November 02, 2020 [The Motley Fool] – Pipeline giant Kinder Morgan reported its third-quarter earnings on Wednesday. The stock barely moved in after-hours trading, indicating investors more or less expected the results.
Here are three takeaways from the report that should help determine whether Kinder Morgan is a buy and whether its dividend is sustainable.
Prioritizing the dividend
Kinder Morgan has a dividend yield of 8.4% as of this writing, which is more than four times the average yield in the S&P 500. Naturally, investors deserve to know how reliable its dividend is and if management is focused on sustaining or even growing the dividend.
Since cutting its dividend in 2015, Kinder Morgan has shifted its strategy, limiting its spending in an effort to improve its balance sheet and grow its dividend.
In the past three years, the company more than doubled its dividend, cut capital expenditures by 45%, and grew free cash flow. Rich Kinder, the founder and executive chairman of Kinder Morgan, stressed the importance of the dividend in the company’s Oct. 21 conference call, saying, “I went back and looked at what I’ve said over the last few quarters and the message has been very consistent, and it is this; we generate significant amounts of cash and we’ll use that cash to fund our expansion capex needs, pay dividends, and to keep our balance sheet strong, and occasionally on an opportunistic basis to repurchase shares.” The company raised its dividend by 5% this year, at a time when other energy stocks are cutting their dividends.
Sustaining the dividend
Given the challenges facing the oil and gas industry, it’s hard to say if Kinder Morgan will continue to raise its dividend or be forced to cut it. Can the dividend be paid without using debt or debilitating Kinder Morgan’s business as a whole?
One of the greatest dangers of high-yielding dividend stocks is when the dividend is used to appease shareholders in the short term at the expense of a company’s financial health. Kinder Morgan doesn’t seem to be in this category of risky high-yield dividend stocks because the company is able to support its dividend with free cash flow with plenty to spare.
For example, Kinder Morgan’s third-quarter distributable cash flow, commonly known as DCF, was $0.48 per share, nearly double its dividend payment of $0.2625 per share. Similarly, its DCF for the first nine months of the year was $1.47, which was nearly double its dividend payment of $0.7875 during that timeframe, indicating Kinder Morgan could earn less cash and still support its dividend. In the meantime, the company can use this extra cash to pay down debt, among other things.
Earnings are on track
In its second-quarter earnings call in July, Kinder Morgan updated its forecast, predicting a 9% decrease in EBITDA and DCF to be 11% below budget, down to about $1.99 per share, for the year. The company reaffirmed that guidance this quarter, and its results have the company on track to hit both of those goals. EBITDA is down 8% so far this year, and the company has earned $1.47 in DCF, putting it within striking distance to earn $1.99, or $0.52 per share next quarter.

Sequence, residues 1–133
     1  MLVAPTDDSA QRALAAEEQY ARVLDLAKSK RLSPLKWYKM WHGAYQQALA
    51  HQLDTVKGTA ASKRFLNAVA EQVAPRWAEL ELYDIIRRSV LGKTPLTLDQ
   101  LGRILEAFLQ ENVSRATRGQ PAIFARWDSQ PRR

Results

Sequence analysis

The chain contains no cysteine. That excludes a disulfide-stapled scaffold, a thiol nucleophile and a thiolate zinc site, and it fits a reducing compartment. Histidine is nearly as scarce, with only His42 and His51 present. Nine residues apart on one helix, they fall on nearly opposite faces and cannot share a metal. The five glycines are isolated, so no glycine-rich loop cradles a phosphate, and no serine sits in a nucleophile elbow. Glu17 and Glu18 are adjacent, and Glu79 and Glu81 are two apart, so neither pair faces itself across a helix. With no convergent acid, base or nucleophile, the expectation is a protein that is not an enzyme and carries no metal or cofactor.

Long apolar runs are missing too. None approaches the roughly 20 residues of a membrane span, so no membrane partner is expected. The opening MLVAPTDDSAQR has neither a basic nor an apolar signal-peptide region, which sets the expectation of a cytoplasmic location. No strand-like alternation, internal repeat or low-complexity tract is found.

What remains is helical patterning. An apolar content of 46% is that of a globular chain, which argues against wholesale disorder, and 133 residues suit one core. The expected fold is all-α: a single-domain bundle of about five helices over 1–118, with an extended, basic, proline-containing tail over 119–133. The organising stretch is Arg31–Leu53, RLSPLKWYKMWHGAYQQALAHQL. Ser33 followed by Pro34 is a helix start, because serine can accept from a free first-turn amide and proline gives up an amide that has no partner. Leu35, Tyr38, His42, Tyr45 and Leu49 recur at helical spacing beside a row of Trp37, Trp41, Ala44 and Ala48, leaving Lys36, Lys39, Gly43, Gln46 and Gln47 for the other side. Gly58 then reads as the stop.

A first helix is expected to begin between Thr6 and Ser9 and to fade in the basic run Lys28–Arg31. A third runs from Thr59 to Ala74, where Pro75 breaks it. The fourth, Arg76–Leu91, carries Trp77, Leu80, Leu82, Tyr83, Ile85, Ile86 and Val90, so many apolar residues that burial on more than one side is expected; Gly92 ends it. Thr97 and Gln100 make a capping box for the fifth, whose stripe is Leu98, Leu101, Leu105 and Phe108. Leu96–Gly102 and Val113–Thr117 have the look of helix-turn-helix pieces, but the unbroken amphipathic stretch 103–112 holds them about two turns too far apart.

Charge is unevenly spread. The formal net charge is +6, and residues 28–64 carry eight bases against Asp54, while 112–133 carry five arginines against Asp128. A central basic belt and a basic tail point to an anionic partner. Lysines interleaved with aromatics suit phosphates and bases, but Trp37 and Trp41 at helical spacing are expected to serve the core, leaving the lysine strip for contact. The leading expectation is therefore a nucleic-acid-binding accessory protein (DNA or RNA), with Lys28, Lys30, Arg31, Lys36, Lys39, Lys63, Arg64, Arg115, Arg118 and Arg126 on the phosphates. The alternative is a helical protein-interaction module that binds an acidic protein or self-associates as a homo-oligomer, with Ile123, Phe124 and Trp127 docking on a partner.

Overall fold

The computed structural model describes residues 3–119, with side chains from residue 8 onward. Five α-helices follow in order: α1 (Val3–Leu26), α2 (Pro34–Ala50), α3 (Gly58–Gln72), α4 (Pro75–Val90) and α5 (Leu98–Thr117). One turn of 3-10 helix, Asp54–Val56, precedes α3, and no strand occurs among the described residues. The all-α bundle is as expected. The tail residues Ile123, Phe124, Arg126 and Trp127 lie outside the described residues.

In terms of its most recent quarterly results, single-digit decreases across the board made it an overall good quarter for Kinder Morgan, given the circumstances.
Performing well, but long-term risks remain
Kinder Morgan’s third-quarter results were basically what the company said they would be — slightly worse than the same period last year, but still good overall. This level of predictability can be useful, especially coming from a company with a high-yielding stock that doesn’t rely on debt to fund its dividend.
Underscoring the company’s predictability is a business model shared among other top-performing natural gas stocks. Over 90% of Kinder Morgan’s cash flow comes from take-or-pay and fee-based sources backed by long-term contracts, meaning it’s relatively easy to predict how much the company will earn over the short term.
Even with its pricing model, Kinder Morgan does have some weaknesses, namely if the consumption of natural gas falls over the long term. If that were to happen, its existing infrastructure and planned projects might lose value and hurt the company’s cash flow in the process. For now, natural gas remains an integral part of U.S. industrial, power generation, and residential energy.
There’s usually a baseline amount of risk an investor needs to accept to get a high dividend yield, and given Kinder Morgan’s overall strength and reliability, it seems a risk well worth taking for income investors.
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